The Royal Northern College of Music has a restaurant that’s open to the public. Who knew?
Named after Adolph Brodsky, a world renowned violinist who went on to become the principal of the college, this plush little restaurant is tucked away just off the Concert Bar.
I was a little apprehensive as I walked through the auditorium past groups of girls and guys perched at long tables – long table dining is very a la mode at the moment, apparently – discussing Brexit and whether or not to skip the next morning’s lectures.
But as we turned left at the bar, it was like walking through the wardrobe that led to Narnia.
We walked into something very different – a sophisticated dining area with plush decor. From the chrome-edged bar stools to the cosy dining tables, Brodsky is a real home from home.
I knew that my pre-Crimbo diet wasn’t going to fare well. For starters, I was tempted by my one weakness in life – cheese. It’s that new year’s resolution that seems to creep back into my diet time and time again. But when the cheese tastes as good as it does at Brodsky, I’m not complaining.
The baked Camembert came out surrounded by my second love in life – bread. I grabbed a crisp slice of fresh baked olive sourdough and slathered it in a hearty helping of the cheesy good stuff. It was both moreish and deeply comforting. Like a snug blanket on a miserable day.
I went in for a second helping and as I sank my crisp grissini stick into the cheesy goo, I noticed the thyme and rosemary spears just beneath the lid. The result was a cheesy molten goodness mixed with the aroma of fresh woody herbs that melted perfectly in my mouth. Buttery, salty and creamy in perfect balance.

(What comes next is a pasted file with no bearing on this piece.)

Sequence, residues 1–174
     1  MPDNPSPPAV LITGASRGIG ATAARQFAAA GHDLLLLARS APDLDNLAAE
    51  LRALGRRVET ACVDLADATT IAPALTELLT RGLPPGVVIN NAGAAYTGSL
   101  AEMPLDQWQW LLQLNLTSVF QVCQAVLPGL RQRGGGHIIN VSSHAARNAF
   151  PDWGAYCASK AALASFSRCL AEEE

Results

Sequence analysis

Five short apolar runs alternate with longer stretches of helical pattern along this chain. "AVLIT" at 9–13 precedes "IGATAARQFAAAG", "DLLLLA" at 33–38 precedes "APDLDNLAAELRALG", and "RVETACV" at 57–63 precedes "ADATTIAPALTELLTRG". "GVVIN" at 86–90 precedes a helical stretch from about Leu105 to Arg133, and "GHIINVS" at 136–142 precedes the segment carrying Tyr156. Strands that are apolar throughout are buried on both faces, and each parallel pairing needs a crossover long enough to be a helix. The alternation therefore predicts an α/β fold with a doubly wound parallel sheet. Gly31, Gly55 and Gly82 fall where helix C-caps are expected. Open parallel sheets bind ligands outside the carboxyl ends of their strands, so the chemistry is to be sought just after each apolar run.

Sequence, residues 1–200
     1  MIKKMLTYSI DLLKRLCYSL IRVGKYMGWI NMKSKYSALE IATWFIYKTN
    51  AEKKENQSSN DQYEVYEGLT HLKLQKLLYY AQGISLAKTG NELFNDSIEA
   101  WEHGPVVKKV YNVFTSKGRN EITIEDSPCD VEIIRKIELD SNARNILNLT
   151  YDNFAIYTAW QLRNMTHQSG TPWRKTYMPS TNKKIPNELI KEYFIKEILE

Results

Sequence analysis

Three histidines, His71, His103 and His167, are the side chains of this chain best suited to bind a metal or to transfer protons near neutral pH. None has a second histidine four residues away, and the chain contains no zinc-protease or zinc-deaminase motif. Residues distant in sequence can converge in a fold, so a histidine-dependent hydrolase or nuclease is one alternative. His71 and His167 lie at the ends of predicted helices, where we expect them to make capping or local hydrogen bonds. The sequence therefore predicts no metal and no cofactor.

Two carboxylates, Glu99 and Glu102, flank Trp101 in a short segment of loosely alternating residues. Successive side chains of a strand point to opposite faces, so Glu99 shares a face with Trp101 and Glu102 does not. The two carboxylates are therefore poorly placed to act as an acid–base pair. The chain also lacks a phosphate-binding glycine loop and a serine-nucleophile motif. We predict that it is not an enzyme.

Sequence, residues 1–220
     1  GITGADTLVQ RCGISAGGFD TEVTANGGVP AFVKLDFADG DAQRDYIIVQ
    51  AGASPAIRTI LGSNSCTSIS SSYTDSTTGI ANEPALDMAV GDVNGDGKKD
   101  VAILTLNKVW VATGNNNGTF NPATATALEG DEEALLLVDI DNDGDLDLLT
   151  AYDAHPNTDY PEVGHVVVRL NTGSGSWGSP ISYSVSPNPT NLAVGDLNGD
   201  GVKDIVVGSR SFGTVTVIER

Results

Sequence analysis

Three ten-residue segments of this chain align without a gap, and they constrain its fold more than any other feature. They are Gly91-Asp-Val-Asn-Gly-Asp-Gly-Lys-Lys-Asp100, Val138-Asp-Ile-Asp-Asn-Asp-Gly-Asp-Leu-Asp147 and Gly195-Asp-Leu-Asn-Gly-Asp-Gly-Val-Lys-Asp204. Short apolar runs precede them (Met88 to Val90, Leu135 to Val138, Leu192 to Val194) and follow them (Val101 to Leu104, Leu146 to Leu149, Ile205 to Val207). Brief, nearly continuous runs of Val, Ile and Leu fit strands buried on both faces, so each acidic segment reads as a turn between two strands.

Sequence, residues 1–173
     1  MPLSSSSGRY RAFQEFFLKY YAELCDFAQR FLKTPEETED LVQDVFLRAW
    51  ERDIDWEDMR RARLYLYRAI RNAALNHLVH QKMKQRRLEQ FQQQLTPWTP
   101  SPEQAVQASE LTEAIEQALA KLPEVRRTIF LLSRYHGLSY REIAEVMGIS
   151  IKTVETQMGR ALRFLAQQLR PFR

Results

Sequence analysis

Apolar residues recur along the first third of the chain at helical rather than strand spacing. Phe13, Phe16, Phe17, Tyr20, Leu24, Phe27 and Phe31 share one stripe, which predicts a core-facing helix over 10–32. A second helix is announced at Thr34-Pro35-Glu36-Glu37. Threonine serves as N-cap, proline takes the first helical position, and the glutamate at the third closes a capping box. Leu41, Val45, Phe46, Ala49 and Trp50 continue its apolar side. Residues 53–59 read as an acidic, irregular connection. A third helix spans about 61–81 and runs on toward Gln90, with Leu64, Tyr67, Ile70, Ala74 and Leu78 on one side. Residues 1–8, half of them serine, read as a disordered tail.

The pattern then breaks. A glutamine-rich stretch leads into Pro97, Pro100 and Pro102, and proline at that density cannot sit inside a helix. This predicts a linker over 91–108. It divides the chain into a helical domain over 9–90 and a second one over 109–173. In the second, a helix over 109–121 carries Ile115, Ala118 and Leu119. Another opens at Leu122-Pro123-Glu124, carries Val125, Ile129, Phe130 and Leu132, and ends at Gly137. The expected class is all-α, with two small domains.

For mains, I opted for the sweet potato, roasted chestnut, assorted squash and lentil cassoulet. The bread top was crisp and buttery and I ripped it off to reveal a piping hot tender stew of winter vegetables. Each spoonful melted in the mouth, complimented gorgeously by the crisp and crunchy side salad and stems of broccoli.
The steamed fillet of salmon was ordered by my companion and arrived to the table sitting on a bed of beautifully cooked pappardelle pasta in a rich creamy sauce.
The pappardelle was cooked perfectly, the crab fresh and all this brought together by the smooth and richly seasoned sauce.
The steamed salmon on top fell apart at a mere glance, soft and buttery, enhanced by the freshness of samphire. The sauce from the pasta was velvety smooth beneath it. Cheesy, delicious and altogether perfect.
After the above two hearty dishes, we barely had room for pudding. I didn’t think the mains could be topped, but talented chef Eamonn Lam exceeded all expectations.
I asked Monica, our waitress, for her favourite dessert and was delighted when she recommended the Trio amore berry bavarois with fresh berries and grenadine cream. It was exactly the treat that I’d had my eye on.
Tart chunks of fruit in a tangy pomegranate cream, lip-lickingly delicious and sitting atop a sweet biscuit crumbly base.
Jose, the bar and restaurant manager who looked after us, was every bit as show stopping as the food. He made the evening a delight from start to finish. Everything ran smoothly, from the wonderful and attentive staff to the exquisite behind the scenes talents of the brilliant chefs.
If you want to treat yourself, head to the Royal Northern College of Music, away from the hustle and bustle and into a magical world of good food and even better music.
If music be the food of love, why not give it a try?
124 Oxford Road, Manchester M13 9RD